Advanced adaptive cooling fabric
With the rise of temperatures due to global warming, the risk of heat-related illnesses such as heat exhaustion and heatstroke is on the rise as well. Some of the most vulnerable are those spending lots of time outdoors: construction workers comprise a mere 6% of the U.S. workforce but account for 36% of all heat-related deaths on the job. There is a need for more efficient and effective cooling fabric technologies to not only provide comfort to the wearer but prevent potentially dangerous side effects from overheating.
Duke inventors have developed an advanced adaptive cooling fabric technology. This is intended to be used in a variety of consumer products ranging from athletic apparel to workwear. Specifically, this fabric utilizes an adaptive vent technology, where vents within the fabric open under heat and sweat conditions to improve cooling effects and close in the absence of those conditions to retain heat. This is done utilizing a composite material comprising nylon and silver: when the composite material experiences an increase in heat the silver expands and the nylon contracts forcing vents in the fabric to open, allowing for a completely passive system of cooling. This has been demonstrated through a working prototype of the fabric with an increase of 30.7% in the thermal comfort zone of traditional static fabrics.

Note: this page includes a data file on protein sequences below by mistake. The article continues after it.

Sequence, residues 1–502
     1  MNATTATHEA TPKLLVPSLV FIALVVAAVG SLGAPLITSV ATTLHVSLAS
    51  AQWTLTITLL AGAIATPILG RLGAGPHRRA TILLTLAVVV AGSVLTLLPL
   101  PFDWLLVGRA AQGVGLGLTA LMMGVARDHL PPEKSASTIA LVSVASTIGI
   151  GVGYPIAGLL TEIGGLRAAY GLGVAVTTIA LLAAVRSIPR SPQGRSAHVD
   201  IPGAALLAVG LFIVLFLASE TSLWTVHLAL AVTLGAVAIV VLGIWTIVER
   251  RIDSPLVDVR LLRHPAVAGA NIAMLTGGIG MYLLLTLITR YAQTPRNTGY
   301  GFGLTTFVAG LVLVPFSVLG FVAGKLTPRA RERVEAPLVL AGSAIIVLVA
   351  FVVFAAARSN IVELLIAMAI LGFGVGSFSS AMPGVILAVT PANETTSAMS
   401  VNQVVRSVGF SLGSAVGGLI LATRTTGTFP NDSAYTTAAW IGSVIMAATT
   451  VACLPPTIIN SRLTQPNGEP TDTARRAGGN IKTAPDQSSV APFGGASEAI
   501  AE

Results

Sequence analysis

- Increases thermal comfort zone by 30.7%
- Vents not only open under heat conditions but close under cold to conserve heat
- Traditionally, textiles were developed to optimize one comfort aspect such as moisture-wicking, heat conduction, convection, etc., and this technology is effectively able to combine them